Can a Christian fall from grace?

Question: : Can a New Testament Christian fall from grace? What about Simon in Acts 8? What about 2 Peter 2:20-22? What about Gal. 5:4? What about Rom. 8:12-13? I also read in one of your previously answered questions that you said “believing” would allow you to receive the Holy Spirit. Notice if you will that Samaria had recieved the word of God, but they did not receive the Holy Spirit.

Answer: No, neither a New Testament Christian nor an Old Testament believer can fall from grace, if by that you mean they can lose their salvation. Peter describes Simon in Acts 8:20-23 as in danger of perishing, having no part or share in his ministry, having a heart that is not right before God, in need of repentance of his wickedness and of forgiveness from the Lord, and as full of bitterness and captive to sin. The most reasonable understanding of this situation is that Simon’s “faith” (v.13) was more an intellectual faith than a whole-hearted trusting in the Lord leading to salvation.

Peter talks about false teachers in 2 Peter 2:20 who, having escaped the corruption of the world, become entangled in it again and are worse off than at the beginning. This does not indicate that they were saved but only that they benefited from the teaching of the gospel and cleaned up their lives temporarily. It is akin to Jesus’ story of the man who cleans out the demon in his life only to get seven more worse than it come back in later. Many people have had a positive influence from the gospel without being inwardly born again through it.
Galatians 5:4 addresses those in the Galatian churches who have chosen to pursue a righteousness based in the law instead of grace. They have been swayed by the false teachers who came in after Paul left. Paul warns them that they are fallen away from the grace approach to salvation and have alienated themselves from Christ. If they persist in this approach they demonstrate that they were never saved to begin with. If they are genuinely saved Paul is confident (v.10) that they will respond to his warning and come back to the truth.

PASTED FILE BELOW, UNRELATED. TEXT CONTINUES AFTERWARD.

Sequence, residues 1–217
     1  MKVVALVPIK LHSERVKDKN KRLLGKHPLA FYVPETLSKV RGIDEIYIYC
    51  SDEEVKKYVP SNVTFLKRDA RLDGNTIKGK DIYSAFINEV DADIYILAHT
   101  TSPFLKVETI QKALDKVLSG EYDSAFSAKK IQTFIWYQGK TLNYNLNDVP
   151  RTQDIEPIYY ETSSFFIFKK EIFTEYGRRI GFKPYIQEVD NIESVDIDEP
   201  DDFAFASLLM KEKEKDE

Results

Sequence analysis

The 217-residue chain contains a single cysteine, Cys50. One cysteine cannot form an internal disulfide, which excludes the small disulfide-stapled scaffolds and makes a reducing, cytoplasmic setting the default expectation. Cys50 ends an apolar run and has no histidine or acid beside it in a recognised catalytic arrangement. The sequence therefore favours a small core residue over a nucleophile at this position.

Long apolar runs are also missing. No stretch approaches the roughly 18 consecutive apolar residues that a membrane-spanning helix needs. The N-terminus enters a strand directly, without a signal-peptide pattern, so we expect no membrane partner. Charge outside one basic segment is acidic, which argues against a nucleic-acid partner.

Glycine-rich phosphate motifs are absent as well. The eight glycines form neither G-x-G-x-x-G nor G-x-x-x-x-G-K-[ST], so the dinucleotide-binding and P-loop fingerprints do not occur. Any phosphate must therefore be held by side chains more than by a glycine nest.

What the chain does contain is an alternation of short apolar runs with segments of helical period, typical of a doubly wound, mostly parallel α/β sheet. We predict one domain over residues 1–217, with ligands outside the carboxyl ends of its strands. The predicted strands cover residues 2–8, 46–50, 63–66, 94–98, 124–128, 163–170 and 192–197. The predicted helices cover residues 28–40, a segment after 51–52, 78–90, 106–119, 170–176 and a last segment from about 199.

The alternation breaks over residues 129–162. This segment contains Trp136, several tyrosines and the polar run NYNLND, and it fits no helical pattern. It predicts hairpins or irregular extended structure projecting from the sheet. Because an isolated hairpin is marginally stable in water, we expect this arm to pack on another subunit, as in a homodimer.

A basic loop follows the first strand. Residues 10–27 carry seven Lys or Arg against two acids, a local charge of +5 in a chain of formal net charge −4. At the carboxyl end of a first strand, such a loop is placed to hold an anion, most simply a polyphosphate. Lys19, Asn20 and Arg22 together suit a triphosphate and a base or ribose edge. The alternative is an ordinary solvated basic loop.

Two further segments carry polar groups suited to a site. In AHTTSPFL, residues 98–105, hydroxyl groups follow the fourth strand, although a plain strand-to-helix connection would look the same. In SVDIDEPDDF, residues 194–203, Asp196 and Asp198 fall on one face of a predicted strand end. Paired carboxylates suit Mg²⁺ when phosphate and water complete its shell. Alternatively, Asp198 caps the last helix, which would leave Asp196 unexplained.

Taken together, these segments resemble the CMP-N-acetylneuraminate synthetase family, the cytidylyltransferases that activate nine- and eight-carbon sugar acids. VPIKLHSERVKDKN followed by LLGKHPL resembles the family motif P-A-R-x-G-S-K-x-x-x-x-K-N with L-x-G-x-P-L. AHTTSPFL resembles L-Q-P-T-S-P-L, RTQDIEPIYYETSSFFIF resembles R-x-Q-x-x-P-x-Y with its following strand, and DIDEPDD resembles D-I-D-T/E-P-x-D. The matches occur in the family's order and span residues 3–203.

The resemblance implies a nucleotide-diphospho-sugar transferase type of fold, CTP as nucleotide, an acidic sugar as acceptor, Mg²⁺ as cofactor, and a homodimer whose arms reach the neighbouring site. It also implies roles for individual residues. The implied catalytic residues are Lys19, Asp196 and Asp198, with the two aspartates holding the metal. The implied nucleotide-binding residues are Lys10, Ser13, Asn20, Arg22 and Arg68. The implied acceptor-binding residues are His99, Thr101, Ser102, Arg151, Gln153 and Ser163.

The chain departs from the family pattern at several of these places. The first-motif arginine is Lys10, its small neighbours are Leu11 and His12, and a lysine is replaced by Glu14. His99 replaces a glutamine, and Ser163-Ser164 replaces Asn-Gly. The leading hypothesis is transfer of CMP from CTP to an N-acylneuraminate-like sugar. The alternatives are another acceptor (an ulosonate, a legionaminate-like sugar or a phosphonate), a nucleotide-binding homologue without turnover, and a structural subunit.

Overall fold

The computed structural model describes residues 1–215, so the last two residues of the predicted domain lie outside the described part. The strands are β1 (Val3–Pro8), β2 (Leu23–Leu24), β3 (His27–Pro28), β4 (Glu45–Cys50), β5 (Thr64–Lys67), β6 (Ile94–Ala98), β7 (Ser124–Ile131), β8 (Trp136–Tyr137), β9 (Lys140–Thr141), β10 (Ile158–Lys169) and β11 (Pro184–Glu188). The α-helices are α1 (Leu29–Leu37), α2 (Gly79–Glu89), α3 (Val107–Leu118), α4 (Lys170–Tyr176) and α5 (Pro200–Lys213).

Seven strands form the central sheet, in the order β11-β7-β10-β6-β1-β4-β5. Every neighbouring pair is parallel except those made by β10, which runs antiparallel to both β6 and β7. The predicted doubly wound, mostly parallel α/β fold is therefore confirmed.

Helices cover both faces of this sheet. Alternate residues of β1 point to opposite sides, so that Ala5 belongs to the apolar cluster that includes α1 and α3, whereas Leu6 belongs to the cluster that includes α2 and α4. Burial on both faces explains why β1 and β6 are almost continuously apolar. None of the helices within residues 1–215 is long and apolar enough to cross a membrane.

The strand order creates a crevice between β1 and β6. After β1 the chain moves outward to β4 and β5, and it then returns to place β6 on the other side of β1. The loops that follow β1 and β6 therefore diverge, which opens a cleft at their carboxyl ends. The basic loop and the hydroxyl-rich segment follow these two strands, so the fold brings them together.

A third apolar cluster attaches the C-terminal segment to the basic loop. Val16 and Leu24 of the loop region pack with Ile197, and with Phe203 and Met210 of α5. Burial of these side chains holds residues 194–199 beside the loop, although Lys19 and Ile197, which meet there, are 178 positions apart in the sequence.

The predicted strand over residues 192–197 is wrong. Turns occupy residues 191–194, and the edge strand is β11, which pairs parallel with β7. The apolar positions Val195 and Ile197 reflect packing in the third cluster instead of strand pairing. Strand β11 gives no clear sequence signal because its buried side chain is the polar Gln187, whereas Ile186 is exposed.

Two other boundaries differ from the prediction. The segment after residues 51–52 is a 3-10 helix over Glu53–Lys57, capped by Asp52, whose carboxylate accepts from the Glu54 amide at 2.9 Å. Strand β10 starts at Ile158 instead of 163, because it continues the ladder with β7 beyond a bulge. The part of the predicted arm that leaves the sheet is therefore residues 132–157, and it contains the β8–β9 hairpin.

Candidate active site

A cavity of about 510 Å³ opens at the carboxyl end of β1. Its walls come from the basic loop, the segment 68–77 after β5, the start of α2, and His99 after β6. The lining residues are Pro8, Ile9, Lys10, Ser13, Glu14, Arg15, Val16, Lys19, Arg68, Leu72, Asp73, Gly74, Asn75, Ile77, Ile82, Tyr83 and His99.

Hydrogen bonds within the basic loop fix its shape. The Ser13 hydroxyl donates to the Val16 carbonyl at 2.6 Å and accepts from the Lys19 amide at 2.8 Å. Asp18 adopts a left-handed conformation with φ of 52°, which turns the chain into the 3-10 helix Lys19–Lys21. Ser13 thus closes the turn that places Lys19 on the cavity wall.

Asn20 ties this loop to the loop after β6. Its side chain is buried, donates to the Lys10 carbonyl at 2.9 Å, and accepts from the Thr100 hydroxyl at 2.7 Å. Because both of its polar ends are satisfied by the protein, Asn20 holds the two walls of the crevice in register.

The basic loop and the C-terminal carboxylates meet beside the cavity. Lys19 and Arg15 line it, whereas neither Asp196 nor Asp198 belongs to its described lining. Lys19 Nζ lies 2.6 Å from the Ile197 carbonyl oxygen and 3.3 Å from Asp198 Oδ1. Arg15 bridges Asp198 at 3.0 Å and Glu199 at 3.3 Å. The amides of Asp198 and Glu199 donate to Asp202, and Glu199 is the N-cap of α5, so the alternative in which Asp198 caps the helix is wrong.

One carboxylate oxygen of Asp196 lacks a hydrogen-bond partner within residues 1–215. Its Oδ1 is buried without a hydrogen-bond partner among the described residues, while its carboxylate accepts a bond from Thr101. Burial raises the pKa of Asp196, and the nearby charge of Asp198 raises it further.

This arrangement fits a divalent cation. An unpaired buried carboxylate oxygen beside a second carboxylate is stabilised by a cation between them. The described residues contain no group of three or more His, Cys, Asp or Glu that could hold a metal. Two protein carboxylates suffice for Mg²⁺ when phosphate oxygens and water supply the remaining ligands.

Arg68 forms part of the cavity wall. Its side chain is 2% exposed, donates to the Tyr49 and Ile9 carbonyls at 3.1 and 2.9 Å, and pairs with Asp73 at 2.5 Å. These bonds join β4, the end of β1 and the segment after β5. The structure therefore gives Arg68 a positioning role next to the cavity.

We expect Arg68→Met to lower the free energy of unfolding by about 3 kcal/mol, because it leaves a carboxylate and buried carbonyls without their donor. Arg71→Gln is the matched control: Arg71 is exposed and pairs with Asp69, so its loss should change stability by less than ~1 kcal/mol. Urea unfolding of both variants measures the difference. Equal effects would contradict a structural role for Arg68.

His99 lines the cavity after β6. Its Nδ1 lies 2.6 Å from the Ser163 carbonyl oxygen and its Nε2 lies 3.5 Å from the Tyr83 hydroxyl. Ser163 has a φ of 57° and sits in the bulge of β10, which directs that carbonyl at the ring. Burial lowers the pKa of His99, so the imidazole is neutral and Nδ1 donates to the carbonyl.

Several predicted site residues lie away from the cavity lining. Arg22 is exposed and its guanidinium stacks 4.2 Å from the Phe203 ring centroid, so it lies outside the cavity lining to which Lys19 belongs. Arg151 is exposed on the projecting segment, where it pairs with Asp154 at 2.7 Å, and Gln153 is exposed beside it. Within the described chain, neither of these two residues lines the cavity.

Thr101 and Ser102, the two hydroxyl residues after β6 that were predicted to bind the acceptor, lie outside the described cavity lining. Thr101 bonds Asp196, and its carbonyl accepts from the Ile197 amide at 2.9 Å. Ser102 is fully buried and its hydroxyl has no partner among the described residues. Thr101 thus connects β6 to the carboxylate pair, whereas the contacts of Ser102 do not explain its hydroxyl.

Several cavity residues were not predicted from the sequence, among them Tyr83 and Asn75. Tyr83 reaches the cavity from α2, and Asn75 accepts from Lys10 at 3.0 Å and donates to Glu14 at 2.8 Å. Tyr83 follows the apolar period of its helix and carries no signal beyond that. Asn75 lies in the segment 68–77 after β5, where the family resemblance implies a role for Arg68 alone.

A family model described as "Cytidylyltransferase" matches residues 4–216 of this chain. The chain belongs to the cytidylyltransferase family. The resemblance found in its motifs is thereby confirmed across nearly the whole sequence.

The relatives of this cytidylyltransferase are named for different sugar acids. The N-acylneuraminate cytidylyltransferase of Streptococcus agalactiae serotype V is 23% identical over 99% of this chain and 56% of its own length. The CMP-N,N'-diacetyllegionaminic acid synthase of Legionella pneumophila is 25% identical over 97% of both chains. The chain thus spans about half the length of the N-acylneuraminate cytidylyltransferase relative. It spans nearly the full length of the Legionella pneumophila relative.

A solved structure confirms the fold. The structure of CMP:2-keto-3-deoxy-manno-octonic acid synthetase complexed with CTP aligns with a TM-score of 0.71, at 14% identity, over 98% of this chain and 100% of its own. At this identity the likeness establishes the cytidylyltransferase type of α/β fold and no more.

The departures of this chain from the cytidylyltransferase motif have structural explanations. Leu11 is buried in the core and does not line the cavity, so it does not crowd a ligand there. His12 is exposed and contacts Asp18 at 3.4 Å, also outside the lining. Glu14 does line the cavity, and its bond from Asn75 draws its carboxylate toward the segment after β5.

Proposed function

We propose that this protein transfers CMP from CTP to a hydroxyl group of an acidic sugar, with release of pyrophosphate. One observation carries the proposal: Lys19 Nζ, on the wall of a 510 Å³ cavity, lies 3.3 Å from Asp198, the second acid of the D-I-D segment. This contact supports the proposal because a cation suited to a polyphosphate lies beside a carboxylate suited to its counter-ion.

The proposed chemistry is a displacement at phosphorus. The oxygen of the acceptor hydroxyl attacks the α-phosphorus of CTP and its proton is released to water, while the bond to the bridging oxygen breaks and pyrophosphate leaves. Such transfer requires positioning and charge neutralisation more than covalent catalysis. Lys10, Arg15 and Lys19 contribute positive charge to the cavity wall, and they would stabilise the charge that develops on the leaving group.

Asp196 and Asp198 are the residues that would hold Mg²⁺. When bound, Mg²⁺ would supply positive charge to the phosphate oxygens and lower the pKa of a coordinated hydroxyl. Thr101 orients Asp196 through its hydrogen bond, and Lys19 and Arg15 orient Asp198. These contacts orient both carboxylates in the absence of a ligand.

Romans 8:12-14 teaches this very truth. Those who genuinely have the Spirit of Christ (and if you don’t have the Spirit you don’t have Christ, but if you do it means you have been saved) are led by the Spirit and are sons of God. The Spirit goes to work in the true believer. He doesn’t leave the believer to struggle on his own. He enables him to put to death the misdeeds of the body.

If you look at an isolated experience like the Samaritans’ reception of the Spirit, you will inevitably draw wrong conclusions. If you look at the overall pattern of what is going on in the account of Acts you will notice that four distinct people groups experience a reception of the Spirit: Jews, Samaritans, Gentiles, and some disciples of John the Baptist who had missed the events of Jesus’ death and resurrection in Israel. Though there is a time delay in a few of these instances, the anticipation of Paul is that you receive the Holy Spirit when you believe (Acts 19:2). The Samaritans have to wait a short time until the apostles can come up and oversee their reception of the Spirit to prevent a schism in the church. Cornelius and his household receive the Holy Spirit the moment they embrace the gospel (even before they are water baptized). Faith in Christ is the only condition for receiving the Holy Spirit.

Randall Johnson




One thought on “Can a Christian fall from grace?

  1. Pingback: Confidence in Our Rescue (Theology for Living from Philippians) « A Thimble-full of Theology for Daily Living

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